What went wrong for M-Pesa in SA

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Trying to launch the same M-Pesa product in SA and Kenya "was a terrible idea", according to an analyst.
Trying to launch the same M-Pesa product in SA and Kenya "was a terrible idea", according to an analyst.

Analysts believe M-Pesa failed in SA because Vodacom did not take into account the major differences between the Kenyan and South African markets.

This after Vodacom announced it plans to discontinue its M-Pesa offering in SA on 30 June.

Vodacom has pulled the plug on its mobile money offering in SA, saying there is little prospect of M-Pesa achieving a critical mass of users in its current format in SA in the mid-term.

"Trying to launch the same product in a completely different market was a terrible idea," according to IDC research manager for IT services Africa, Jon Tullett.

"They miscalculated and got everything wrong. We don't have the same economic drivers here as in Kenya. The demographics just aren't the same and SA does not have the same challenges getting banking to the people here," he adds.

"The success factors for M-Pesa in Kenya were never present in SA. Over the first two years, we identified no less than 12 such factors that were key to the overwhelming success in Kenya, and that were absent in the South African market," says World Wide Worx MD Arthur Goldstuck.

Goldstuck says in 2013, World Wide Worx fleshed out a list of rules of mobile money and "very few of these were followed for M-Pesa in SA". Among these were the fact that Kenya has a high unbanked population, a culture of remittances, regulatory openness, a low cost of use and a dominant telco at launch.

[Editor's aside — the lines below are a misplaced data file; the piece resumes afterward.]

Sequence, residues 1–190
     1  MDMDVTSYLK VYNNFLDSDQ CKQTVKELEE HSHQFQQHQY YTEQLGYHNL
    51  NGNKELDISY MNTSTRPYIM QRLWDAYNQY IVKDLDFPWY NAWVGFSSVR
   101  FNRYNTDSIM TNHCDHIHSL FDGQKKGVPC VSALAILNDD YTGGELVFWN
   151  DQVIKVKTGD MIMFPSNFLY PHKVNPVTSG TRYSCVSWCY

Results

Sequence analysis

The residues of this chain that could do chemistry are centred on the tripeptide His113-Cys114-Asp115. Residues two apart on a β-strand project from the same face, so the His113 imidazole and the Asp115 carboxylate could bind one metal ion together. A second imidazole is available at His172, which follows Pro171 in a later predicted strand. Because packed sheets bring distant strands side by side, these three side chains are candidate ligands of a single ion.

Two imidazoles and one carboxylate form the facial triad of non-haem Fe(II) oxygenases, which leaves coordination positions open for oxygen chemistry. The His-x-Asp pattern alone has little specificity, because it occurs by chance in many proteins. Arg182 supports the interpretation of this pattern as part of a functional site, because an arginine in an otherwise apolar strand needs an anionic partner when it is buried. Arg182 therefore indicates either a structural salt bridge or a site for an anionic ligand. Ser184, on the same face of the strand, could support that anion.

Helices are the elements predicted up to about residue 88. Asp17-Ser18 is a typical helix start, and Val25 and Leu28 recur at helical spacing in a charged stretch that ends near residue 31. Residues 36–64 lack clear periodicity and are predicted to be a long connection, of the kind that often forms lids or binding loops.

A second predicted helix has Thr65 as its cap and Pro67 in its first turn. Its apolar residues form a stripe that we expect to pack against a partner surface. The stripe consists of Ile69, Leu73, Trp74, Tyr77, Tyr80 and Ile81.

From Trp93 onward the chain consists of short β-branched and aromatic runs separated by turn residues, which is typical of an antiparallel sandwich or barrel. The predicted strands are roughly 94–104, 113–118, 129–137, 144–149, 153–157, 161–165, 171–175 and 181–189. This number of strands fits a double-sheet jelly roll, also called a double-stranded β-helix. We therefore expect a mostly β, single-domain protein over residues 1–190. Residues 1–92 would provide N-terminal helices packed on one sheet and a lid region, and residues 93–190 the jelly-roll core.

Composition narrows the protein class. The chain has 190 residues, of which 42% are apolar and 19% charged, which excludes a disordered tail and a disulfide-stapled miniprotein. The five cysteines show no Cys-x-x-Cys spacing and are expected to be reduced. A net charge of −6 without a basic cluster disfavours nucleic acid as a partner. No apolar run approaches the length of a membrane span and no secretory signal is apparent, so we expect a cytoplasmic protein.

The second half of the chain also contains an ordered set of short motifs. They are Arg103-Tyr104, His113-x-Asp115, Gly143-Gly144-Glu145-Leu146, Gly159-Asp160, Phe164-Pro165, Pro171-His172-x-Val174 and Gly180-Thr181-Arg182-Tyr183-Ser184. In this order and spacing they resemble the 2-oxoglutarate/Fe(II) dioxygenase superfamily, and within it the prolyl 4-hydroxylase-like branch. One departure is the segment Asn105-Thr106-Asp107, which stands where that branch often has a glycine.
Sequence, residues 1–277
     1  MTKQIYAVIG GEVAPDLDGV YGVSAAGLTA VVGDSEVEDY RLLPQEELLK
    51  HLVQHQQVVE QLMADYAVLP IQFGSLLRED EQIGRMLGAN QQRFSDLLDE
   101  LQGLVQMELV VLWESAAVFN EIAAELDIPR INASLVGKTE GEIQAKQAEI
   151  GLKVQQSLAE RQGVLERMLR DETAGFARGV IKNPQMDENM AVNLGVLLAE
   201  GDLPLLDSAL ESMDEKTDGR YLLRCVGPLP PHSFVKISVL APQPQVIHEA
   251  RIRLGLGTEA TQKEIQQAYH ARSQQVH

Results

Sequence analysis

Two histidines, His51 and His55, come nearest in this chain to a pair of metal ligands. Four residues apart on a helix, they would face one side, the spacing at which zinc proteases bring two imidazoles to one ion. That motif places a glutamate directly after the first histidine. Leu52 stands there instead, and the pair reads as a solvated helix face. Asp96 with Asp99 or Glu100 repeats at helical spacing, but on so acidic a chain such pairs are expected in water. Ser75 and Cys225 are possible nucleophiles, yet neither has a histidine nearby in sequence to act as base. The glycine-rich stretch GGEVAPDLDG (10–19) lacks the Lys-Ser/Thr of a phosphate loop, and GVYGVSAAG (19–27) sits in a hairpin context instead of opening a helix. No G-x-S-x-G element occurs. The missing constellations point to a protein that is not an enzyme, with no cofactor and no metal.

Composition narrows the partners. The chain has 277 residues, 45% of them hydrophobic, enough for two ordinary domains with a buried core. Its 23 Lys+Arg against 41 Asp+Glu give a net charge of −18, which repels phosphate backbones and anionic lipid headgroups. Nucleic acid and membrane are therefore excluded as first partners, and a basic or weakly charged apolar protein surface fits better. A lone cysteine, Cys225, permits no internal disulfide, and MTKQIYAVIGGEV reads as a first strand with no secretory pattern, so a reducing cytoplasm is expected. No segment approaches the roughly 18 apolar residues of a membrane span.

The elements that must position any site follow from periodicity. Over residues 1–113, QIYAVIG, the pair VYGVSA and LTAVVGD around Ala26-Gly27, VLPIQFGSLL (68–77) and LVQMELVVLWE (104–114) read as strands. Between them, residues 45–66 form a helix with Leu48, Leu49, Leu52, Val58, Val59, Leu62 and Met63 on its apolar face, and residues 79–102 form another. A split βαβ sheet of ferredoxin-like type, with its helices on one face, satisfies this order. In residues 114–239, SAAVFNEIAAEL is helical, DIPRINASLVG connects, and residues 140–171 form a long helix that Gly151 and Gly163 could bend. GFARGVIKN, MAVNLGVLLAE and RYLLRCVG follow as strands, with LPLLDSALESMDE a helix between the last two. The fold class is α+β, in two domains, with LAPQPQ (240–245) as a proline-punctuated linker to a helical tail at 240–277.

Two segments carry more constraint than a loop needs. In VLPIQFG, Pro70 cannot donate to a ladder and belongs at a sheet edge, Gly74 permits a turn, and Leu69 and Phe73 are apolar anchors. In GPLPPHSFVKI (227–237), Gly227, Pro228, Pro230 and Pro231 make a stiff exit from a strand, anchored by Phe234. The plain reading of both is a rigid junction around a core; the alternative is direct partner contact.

Banked vs unbanked

Vodacom CEO Shameel Joosub says one of the factors that hindered M-Pesa in the country was the high level of financial inclusion.

"I think Vodacom was dazzled by the success in other markets but the reality is that in SA, we may have a lot of people that are economically stressed, but they don't lack access to banking services," says Tullett.

Goldstuck agrees there is not enough of a market for theunbanked in SA.

"Almost all people in full-time employ have bank accounts, and 75% of the total adult population has a financial instrument of some kind. Those that are unbanked have found many workarounds, such as retail money transfer and airtime as currency," says Goldstuck.

"The banking system in SA already has so much on offer that there is an insufficiently large gap to exploit - unlike the other countries where [M-Pesa] has taken off," agrees BMI-TechKnowledge director Brian Neilson.

"We have a population that might not be particularly wealthy but they are savvy when it comes to banking, so to attract them to a mobile money platform you need to offer them a value-added service," says Tullett.

"SA banks have all made it a priority to offer banking services to the economically disadvantaged. There is no shortage of ways for an SA consumer to interact with banks and M-Pesa in SA didn't offer much on top of that to make it attractive."